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Four Calling Birds

A uniquely talented family creates a home, gallery, and studio in Bucks County, Pennsylvania, where they live a life infused with folk music and craft. By Patricia Poore | Photos by Gridley+Graves

    A bird motif appears in the kitchen’s tile backsplash.

    Three daughters and their mother envisioned a house where art and music were the accompaniment to daily life—and then they built it. (Dad is an engineer and had a hand in the project, too.) Gail Crouthamel and daughters Anne, Robbin, and Holly refer to themselves as the Four Calling Birds, and that’s the name they gave the business.


    The women call themselves and their studio Four Calling Birds.

    Gail designed the new building, and all four women took on the responsibility of general contractor. (Photos in the family album show them using an antique manual drill for beam pockets and hand-sawing a post.) They also did most of the finish work themselves, including making and installing tile in kitchen and baths. “When we had our opening celebration,” reports Gail, “we heard many people say, ‘You ought to be featured in a magazine!’, so here we are.”

    Gail is a self-taught artist who, with her husband, home-schooled the three girls. Anne, Robbin, and Holly showed an interest in and aptitude for music from an early age. As neither parent is a musician, the girls were sent to private instructors to study classical music, while academics were pursued at home.


    In the great room, the posts and beam are made from recycled antique wood. The fireplace surround is studded with Moravian tiles. Throughout the new house, ceramics, textiles, and paintings are by Gail and her three daughters.

    As her daughters grew up, Gail found that she had more time to devote to her art. Eventually the girls took up painting, too, and the four started a business together. Ten years ago they were asked by the White House to design an ornament for the Blue Room Christmas tree. Over the next few years, the Crouthamels attended highly regarded traditional-crafts shows all over the Northeast. Their paintings and floor cloths have been featured by Early American Life and Country Home magazines. “We’re inspired by nature, and also the art and textiles of the 17th through the early 19th centuries,” says Gail.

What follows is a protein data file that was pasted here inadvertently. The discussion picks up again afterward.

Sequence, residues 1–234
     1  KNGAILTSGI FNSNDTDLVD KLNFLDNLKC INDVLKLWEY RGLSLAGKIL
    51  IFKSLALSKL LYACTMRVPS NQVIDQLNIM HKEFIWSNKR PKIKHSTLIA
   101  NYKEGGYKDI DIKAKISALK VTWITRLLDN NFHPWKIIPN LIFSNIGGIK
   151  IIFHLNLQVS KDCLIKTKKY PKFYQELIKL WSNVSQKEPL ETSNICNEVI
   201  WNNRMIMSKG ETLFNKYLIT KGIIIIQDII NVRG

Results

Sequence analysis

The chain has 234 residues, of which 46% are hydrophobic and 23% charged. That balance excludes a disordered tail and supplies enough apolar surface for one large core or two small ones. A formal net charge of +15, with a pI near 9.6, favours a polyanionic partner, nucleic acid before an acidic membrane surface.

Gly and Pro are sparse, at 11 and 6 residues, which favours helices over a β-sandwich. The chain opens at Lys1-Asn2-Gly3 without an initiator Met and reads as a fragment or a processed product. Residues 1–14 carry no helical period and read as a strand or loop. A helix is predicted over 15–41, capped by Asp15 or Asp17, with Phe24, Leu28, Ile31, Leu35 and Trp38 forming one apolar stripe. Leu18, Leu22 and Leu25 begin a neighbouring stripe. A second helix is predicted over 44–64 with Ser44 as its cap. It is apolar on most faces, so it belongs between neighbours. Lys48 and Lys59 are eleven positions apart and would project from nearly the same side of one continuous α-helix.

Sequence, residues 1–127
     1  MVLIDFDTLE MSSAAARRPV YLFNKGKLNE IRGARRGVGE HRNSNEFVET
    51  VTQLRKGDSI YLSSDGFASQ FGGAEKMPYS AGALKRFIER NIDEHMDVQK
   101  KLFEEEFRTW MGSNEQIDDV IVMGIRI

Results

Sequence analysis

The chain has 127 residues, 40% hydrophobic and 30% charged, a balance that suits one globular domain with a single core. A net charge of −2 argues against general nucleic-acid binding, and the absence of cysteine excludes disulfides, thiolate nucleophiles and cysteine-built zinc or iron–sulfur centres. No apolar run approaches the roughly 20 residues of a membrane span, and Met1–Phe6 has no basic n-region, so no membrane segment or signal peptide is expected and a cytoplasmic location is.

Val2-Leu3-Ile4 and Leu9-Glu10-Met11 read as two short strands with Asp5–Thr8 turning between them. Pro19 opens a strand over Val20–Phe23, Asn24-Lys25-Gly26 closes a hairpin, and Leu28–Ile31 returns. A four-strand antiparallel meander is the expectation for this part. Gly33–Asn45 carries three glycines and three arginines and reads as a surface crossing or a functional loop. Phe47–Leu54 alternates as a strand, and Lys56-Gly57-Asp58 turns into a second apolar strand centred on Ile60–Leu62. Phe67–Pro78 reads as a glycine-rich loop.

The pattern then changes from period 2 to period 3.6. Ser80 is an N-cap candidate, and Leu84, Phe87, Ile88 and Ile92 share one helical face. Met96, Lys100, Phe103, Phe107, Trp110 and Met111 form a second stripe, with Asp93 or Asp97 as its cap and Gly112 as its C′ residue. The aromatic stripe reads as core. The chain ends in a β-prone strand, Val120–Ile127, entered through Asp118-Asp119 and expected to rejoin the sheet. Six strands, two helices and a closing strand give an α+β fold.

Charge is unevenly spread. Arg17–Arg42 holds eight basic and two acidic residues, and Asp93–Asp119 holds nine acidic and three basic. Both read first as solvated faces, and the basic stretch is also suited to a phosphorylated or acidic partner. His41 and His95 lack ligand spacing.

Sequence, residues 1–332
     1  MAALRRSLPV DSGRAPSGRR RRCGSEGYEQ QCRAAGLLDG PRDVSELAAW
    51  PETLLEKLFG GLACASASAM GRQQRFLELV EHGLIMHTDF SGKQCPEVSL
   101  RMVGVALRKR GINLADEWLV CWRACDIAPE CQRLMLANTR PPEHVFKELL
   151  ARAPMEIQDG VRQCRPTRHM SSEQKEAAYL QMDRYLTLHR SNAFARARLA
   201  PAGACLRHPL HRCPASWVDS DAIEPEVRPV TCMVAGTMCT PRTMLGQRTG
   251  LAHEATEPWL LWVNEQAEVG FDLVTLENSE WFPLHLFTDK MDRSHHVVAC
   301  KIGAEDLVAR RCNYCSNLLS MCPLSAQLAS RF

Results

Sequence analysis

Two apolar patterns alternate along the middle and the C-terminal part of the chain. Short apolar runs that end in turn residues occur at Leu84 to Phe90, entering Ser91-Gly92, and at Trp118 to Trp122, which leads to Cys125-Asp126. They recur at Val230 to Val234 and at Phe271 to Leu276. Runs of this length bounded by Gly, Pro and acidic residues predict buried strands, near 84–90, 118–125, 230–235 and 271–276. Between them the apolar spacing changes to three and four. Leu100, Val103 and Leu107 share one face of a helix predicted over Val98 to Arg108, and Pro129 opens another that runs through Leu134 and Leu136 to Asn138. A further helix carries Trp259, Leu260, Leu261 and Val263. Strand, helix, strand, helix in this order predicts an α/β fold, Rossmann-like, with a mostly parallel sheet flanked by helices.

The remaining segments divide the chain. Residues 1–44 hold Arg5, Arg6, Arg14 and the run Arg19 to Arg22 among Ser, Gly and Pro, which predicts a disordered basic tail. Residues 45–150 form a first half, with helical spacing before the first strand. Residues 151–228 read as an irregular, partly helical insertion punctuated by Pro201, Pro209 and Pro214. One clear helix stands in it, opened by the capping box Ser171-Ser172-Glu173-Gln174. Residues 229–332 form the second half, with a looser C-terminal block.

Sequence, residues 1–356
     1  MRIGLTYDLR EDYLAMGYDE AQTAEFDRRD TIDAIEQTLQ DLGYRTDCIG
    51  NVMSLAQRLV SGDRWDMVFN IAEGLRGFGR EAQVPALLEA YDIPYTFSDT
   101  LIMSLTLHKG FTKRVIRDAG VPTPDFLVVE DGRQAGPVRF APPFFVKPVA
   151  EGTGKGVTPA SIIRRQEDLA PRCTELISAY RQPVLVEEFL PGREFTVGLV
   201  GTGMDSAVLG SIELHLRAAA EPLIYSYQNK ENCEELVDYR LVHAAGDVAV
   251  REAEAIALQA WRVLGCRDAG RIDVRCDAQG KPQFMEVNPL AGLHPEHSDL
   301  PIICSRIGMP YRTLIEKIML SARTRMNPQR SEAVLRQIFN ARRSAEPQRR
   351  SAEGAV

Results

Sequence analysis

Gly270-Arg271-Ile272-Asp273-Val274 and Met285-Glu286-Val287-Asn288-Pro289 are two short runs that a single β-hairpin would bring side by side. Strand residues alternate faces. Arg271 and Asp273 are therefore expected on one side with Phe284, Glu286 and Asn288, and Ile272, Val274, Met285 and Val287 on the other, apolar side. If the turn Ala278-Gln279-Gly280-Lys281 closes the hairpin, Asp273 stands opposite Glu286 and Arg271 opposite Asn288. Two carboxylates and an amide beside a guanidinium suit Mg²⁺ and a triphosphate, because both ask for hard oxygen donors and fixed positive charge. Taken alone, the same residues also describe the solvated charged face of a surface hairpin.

Meanwhile, the daughters were finding new musical forms. Their classical background was honed by study with members of the Curtis Institute and the Juilliard School, as well as the Philadelphia Orchestra. Then, after hearing a hammered dulcimer at a show in Virginia, their tastes expanded into Celtic and American folk music. Before long, they were arranging, composing, performing, and recording their own blend. (To date, they’ve recorded five CDs; the most recent, a Christmas collection, was aired on more than 30 radio stations across the country last year.)

    The owners made the painted table cover in a design called “Meadow”; the dish pattern is “Star Fraktur.”

    The owners made the painted table cover in a design called “Meadow”; the dish pattern is “Star Fraktur.”

    By 2004 the family had begun construction of this home and studio. Although the house is new, its details reflect the family’s love of antiques, history, and period design. Learning on the job, they undertook the stucco work on the fireplaces, installed flooring and trim, and created their own handmade tiles for wall murals. Some motifs are their own; others recall designs dating to the 1600s. The project led them into new areas as artists, as they decorated the house with handmade lamps, mirrors, tableware, textile runners, and painted canvas floor cloths.

    The place is simple, filled with light, yet rich in color and detail. Creative energy infuses every corner.

    Published in: Early Homes Fall 2009

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